Why, after all these years, is this coming up now? 35 years later? The Mormon Church never does anything unless it is forced to do so. Sure, all churches had a racist past, BUT the Mormon church always presented itself as an exception — the true church of Jesus Christ, living prophets who were in constant communication with God. They didn’t moisten their finger and stick it in the air. They talked to God. Joseph Smith ordained women to the Priesthood and at least one black man to the Priesthood. The racism really flowered under Brigham Young.
If they were mistaken, why didn’t God step in and correct them sooner? According to Church doctrine, God will never allow the prophet to lead the people wrong. Is this now an admission that God lead them wrong, or an admission that they never asked God about this in the first place? Which is it?
I believe the reason the church is doing this now is they are setting the stage to soften their stance on Gays. They won’t come out in full support of Gays, but they will soften their stance in a few years. Then 35 years later, they will admit they were totally wrong for being homophobic and were “just caught up in the the times”. 35 years too late to save the families they destroyed and bring back the people who committed suicide because they were falsely told that they offended God.
If you tell them you are gay and if you are in some way “acting on it”, (Whatever that means. The church’s definition, not mine.) you stand in a position to be excommunicated.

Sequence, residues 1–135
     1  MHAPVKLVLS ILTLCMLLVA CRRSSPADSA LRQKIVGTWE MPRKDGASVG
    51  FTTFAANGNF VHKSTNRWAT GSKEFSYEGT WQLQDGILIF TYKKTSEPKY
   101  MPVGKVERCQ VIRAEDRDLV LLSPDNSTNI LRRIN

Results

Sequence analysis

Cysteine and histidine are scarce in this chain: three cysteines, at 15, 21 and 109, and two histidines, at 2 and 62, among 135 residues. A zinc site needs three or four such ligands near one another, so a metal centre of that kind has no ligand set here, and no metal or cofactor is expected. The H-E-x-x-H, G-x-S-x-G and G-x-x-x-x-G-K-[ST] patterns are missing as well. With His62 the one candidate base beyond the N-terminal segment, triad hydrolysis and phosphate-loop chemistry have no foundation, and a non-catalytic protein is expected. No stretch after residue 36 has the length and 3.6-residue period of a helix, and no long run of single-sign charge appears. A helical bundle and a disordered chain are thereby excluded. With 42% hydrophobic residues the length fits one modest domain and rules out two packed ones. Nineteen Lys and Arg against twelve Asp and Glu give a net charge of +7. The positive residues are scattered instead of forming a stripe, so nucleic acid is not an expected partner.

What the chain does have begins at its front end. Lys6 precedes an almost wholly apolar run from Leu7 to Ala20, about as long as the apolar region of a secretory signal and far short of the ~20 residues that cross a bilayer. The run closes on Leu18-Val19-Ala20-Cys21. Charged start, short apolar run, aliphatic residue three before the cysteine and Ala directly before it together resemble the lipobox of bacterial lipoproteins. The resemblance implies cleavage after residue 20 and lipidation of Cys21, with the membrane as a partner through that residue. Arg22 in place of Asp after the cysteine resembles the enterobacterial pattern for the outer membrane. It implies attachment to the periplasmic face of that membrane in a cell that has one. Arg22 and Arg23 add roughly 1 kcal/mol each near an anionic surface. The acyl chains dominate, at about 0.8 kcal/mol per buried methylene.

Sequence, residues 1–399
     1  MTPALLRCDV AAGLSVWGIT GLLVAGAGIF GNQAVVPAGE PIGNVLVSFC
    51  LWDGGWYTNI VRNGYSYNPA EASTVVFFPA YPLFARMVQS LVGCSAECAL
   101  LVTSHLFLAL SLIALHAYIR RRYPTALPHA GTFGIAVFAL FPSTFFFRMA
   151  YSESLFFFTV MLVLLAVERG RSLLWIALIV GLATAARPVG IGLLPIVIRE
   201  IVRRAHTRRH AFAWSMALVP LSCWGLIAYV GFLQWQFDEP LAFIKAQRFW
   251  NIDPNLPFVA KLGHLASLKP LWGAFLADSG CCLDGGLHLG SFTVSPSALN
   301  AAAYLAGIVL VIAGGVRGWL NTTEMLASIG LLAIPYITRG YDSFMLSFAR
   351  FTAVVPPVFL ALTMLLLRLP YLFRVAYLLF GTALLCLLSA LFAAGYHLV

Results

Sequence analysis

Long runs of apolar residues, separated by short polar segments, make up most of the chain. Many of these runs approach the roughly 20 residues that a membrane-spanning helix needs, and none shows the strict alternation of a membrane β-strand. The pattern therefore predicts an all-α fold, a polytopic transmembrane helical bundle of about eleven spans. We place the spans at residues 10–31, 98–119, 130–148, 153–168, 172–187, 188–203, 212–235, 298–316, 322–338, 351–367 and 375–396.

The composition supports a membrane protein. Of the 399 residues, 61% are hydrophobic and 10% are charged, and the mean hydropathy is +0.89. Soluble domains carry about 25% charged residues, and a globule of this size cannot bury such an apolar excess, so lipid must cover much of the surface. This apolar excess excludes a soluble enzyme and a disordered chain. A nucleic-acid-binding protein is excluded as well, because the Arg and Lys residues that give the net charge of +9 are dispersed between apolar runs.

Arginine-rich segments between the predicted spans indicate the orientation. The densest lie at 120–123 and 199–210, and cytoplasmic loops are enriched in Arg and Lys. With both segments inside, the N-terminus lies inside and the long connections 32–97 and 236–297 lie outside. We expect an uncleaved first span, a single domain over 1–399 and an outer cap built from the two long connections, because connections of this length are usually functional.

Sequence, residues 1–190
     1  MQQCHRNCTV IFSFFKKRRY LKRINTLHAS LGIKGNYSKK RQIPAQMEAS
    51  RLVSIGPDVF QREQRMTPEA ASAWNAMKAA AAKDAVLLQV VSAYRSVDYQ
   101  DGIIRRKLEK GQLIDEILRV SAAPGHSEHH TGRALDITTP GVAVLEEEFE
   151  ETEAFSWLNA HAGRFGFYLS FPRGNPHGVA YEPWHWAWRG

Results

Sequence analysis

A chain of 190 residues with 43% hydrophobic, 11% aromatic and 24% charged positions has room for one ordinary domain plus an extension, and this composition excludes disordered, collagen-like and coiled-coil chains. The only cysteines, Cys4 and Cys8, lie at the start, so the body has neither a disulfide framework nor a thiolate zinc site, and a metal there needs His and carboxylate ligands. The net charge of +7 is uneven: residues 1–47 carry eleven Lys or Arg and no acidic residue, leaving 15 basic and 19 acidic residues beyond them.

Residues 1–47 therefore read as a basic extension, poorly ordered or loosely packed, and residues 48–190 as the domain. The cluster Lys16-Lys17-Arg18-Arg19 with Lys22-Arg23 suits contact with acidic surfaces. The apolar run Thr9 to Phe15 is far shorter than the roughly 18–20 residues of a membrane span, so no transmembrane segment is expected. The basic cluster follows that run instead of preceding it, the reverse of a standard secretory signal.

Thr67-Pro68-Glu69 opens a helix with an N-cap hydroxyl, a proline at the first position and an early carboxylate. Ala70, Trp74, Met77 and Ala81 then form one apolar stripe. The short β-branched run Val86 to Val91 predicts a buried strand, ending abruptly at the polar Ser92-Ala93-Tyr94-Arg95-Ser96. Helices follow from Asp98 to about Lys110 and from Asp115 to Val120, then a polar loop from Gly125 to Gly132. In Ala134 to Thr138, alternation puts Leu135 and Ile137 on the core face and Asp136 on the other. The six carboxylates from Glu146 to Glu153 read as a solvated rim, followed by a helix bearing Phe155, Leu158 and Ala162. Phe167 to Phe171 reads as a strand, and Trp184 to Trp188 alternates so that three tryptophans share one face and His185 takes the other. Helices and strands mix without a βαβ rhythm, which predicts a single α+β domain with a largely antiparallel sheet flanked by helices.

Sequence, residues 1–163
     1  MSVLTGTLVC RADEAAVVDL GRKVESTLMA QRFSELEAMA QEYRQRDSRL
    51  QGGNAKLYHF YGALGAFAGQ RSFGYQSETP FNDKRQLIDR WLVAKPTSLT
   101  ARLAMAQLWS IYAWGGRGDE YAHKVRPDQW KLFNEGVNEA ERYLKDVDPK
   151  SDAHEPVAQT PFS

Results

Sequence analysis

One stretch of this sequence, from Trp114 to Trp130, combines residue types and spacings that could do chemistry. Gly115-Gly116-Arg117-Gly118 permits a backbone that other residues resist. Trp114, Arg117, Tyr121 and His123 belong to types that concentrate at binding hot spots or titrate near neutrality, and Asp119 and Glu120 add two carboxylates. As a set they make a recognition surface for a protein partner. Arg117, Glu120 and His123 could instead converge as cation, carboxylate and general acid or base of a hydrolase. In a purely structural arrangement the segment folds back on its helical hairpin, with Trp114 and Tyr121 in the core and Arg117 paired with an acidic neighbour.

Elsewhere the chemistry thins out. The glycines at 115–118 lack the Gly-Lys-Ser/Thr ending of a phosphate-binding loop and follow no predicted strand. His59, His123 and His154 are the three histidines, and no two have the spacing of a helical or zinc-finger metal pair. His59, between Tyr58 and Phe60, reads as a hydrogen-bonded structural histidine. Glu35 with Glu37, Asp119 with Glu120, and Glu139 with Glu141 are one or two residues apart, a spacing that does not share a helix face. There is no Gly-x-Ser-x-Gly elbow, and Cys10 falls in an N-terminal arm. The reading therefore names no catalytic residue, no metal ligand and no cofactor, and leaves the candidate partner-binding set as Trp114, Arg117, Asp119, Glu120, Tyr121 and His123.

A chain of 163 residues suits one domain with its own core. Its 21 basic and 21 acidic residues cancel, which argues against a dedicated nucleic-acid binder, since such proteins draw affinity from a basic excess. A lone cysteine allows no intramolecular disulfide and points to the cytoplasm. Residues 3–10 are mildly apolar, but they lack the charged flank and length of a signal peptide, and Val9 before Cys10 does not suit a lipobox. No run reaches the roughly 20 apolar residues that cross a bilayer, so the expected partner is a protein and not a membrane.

If you just have an attraction, and never “acted on it”, you are probably safe in telling your bishop. But, IMO, it’s none of anybody’s business, if you’re not acting on it. If you can live that way, (I did for over 20 years.) more power to you. Living a lie for so long was tearing up my life, and I had to come clean with myself and the rest of the world.
At this point, the choice is up to you. But, it has to be your choice. Don’t let some “Gay community group” talk you into coming out if you are not ready. They already have enough martyrs. They don’t need you to be their next victim.
Some people are afraid of excommunication and try to stay in hiding for the rest of their lives, hoping the church will never find out. I told them and they excommunicated me. I don’t really mind, and I have no hard feelings. I may have lost the church, but I never lost God, and that is what’s really important to me.
One of the things that helped me reconcile all of this back in the 80’s was a pamphlet from Affirmation about excommunication. It basically explained that it was not the end of the world.
I have, over the years, seen the church lose some of its best, smartest, most capable, and most faithful members because they came out as gay. This, IMHO, is a terrible shame and a waste, but this is the game they want to play.
But, before you do anything, I would make sure you have a strong support system of friends, associates, and hopefully family to back you up, whatever your decision is. It going to be tough to make any decision, and it’s going to be tough living with any decision, but such is life. Nobody said it was going to be easy, and this is how we grow.
Sorry to have to say this because many church teachings actually clarify and elucidate some of the darker passages of the Bible, but, here, the LDS Church has fellen into the same trap of mis-interpretation, mis-translation, and mis-application of Biblical passages that the sectarians have fallen into.
Nowhere does the Bible provide a definitive definition of marriage, and nowhere does the Bible condemn a stable, faithful, committed relationship or marriage between two people of the same sex. The D&C tells us (29:30) that not all God’s judgments are given to man. So, until God sees fit to reveal them all, we must never presume that we know them all.